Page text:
The United States Forces-Afghanistan responded to SIGAR's report in January 2014 saying it would investigate why the building was not constructed to standard.
In a separate report, SIGAR said that USAID reimbursed the International Organization for Migration for spiraling costs while building Gardez Hospital, in Paktia province.
The IOM's "weak internal controls" meant it paid $300,000 for just 600 gallons of diesel fuel — a price of $500 per gallon when market prices should not have exceeded $5, SIGAR said.
7. $36 million on a military facility that several generals didn't want
The so-called "64K" command-and-control facility at Afghanistan's Camp Leatherneck cost $36 million and was "a total waste of U.S. taxpayer funds," SIGAR's report said in May 2015.
The facility in Helmand province — named because it measured 64,000 square feet — was intended to support the U.S. troop surge of 2010.
However, a year before its construction, the very general in charge of the surge asked that it not be built because the existing facilities were "more than sufficient," the watchdog said. But another general denied this cancellation request, according to SIGAR, because he said it would not be "prudent" to quit a project for which funds had already been appropriated by Congress.
Ultimately, construction did not begin until May 2011, two months before the drawdown of the troops involved in surge. Sopko found the "well-built and newly furnished" building totally untouched in June 2013, with plastic sheets still covering the furniture.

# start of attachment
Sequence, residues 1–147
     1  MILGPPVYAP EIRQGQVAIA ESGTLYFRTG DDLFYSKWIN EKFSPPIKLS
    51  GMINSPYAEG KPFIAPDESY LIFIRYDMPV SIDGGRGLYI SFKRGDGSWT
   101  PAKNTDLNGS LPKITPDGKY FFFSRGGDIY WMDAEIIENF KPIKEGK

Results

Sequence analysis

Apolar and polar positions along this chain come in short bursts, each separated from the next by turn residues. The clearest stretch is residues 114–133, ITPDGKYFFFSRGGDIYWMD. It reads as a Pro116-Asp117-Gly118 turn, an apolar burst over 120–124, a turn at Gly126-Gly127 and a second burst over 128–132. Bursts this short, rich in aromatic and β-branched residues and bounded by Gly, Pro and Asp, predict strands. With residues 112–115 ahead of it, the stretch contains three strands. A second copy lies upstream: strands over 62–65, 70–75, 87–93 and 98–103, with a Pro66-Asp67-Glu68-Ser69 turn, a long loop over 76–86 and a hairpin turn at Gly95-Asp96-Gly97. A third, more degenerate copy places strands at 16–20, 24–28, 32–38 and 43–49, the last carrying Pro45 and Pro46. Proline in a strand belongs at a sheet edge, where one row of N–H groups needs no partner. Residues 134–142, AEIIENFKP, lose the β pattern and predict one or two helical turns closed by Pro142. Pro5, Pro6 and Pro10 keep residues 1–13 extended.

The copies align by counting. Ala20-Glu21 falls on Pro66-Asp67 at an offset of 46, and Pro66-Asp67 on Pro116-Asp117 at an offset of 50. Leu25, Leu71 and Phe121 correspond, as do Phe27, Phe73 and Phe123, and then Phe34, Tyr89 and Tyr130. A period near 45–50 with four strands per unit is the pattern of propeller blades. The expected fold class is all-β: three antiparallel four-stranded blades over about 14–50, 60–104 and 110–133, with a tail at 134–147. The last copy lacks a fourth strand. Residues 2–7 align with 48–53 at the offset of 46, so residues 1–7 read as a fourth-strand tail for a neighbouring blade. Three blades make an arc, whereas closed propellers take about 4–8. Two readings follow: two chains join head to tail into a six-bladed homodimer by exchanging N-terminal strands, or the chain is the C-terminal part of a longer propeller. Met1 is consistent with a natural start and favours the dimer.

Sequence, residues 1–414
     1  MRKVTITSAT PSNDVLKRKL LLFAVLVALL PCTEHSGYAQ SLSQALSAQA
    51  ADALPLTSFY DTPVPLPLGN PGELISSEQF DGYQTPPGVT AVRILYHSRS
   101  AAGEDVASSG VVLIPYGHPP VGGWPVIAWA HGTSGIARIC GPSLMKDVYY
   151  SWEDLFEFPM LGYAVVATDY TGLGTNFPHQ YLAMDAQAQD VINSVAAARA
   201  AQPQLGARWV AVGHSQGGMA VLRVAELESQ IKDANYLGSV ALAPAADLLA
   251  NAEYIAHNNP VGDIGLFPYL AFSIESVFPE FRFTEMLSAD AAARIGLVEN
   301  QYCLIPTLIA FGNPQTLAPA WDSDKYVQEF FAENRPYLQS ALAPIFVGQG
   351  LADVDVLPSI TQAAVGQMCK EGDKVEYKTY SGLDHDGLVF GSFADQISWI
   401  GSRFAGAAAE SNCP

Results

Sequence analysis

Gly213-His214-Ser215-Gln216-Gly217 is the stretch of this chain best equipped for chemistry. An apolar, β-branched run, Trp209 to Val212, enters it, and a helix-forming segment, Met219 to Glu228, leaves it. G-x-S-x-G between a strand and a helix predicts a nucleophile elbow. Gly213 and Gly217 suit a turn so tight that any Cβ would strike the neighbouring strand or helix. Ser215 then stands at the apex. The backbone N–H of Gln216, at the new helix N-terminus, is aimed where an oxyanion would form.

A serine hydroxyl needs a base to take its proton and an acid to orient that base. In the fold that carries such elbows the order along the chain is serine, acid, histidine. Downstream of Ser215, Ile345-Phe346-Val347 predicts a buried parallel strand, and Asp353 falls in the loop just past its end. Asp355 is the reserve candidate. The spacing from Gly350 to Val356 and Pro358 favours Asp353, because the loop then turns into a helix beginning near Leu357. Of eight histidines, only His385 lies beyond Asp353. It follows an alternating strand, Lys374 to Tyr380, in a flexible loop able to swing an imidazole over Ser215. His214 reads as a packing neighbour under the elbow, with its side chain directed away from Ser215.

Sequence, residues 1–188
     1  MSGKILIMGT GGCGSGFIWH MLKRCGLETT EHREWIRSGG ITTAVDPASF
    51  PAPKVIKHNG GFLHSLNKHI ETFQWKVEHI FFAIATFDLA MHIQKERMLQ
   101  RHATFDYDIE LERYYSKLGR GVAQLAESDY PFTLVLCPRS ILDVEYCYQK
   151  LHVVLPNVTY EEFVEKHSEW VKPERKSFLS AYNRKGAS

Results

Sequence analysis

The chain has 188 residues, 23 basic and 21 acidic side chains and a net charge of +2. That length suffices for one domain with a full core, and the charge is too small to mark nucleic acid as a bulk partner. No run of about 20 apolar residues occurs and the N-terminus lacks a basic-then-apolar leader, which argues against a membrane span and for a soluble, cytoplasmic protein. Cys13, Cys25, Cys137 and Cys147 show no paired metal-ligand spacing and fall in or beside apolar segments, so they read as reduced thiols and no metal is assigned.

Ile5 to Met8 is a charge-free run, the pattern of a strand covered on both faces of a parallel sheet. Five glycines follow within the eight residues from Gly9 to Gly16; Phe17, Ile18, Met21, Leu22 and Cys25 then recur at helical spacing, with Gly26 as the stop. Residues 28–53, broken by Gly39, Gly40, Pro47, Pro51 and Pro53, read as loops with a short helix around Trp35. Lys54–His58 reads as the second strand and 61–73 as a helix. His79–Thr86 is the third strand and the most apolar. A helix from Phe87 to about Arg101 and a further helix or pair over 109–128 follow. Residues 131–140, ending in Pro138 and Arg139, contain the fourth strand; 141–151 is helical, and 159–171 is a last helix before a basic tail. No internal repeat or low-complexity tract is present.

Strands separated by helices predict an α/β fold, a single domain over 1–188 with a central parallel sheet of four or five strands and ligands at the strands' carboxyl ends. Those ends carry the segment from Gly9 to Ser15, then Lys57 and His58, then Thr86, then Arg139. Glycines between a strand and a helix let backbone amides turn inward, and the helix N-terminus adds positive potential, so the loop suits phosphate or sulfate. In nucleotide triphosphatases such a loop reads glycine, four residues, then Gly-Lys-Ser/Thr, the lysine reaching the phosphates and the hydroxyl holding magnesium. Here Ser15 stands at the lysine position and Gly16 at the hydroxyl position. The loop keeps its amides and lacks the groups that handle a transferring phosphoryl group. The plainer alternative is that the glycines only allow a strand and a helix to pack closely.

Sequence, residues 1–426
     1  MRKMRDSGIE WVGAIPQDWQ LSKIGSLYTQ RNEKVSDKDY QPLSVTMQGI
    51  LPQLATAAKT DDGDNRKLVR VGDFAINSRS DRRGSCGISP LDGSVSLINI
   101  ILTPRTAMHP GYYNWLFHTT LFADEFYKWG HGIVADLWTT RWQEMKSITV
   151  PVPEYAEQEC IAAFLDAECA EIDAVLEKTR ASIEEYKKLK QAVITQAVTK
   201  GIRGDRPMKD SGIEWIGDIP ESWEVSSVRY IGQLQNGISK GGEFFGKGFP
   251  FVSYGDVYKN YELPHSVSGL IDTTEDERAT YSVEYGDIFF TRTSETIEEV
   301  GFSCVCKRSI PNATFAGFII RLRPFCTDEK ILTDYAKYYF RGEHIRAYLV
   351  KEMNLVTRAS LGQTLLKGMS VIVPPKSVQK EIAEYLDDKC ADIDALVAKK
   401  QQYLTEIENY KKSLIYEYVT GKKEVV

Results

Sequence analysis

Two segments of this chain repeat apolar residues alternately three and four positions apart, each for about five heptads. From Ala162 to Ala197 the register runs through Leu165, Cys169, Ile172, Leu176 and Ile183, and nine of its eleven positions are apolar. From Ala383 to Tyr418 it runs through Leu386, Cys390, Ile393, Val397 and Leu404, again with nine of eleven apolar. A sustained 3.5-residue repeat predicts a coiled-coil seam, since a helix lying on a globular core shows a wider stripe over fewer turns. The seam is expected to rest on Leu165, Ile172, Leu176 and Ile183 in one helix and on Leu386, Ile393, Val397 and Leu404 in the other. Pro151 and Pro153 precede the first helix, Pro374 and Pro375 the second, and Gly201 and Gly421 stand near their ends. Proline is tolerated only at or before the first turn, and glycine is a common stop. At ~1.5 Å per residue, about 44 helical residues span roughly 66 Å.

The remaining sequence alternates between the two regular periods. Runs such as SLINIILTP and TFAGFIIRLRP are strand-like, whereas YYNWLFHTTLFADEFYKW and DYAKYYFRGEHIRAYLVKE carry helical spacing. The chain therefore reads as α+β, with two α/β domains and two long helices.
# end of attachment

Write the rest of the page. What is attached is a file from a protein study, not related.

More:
"Again, nobody was held to account," Sopko told NBC News, adding it was a "gross ... really wasteful, extremely wasteful amount of money."
He added: "We have thrown too much money at the country. We pour in money not really thinking about it."
8. $39.6 million that created an awkward conversation for the U.S. ambassador
A now-defunct Pentagon task force spent almost $40 million on Afghanistan's oil, mining and gas industry — but no one remembered to tell America's diplomats in Kabul, according to SIGAR, citing a senior official at the U.S. embassy in the city.
In fact, the first the U.S. ambassador knew about the multi-billion-dollar spend was when Afghan government officials thanked him for his country's support, SIGAR said.
The project, administered by the Task Force for Business and Stability Operations (TFBSO), was part of a wider $488 million investment that also included the State Department and USAID. These organizations "failed to coordinate and prioritize" their work, which created "poor working relationships, and … potential sustainability problems," according to SIGAR.
It was, according to Sopko, "a real disaster."
One USAID official told the watchdog it would take the U.S. "100 years" to complete the necessary infrastructure and training Afghanistan needs to completely develop these industries.
9. $3 million for the purchase — and then mystery cancellation — of eight boats
SIGAR said the U.S. military has been unable to provide records answering "the most basic questions" surrounding the mystery purchase and cancellation of eight patrol boats for landlocked Afghanistan.
The scant facts SIGAR were able to find indicated the boats were bought in 2010 to be used by the Afghan National Police, and that they were intended to be deployed along the country's northern river border with Uzbekistan.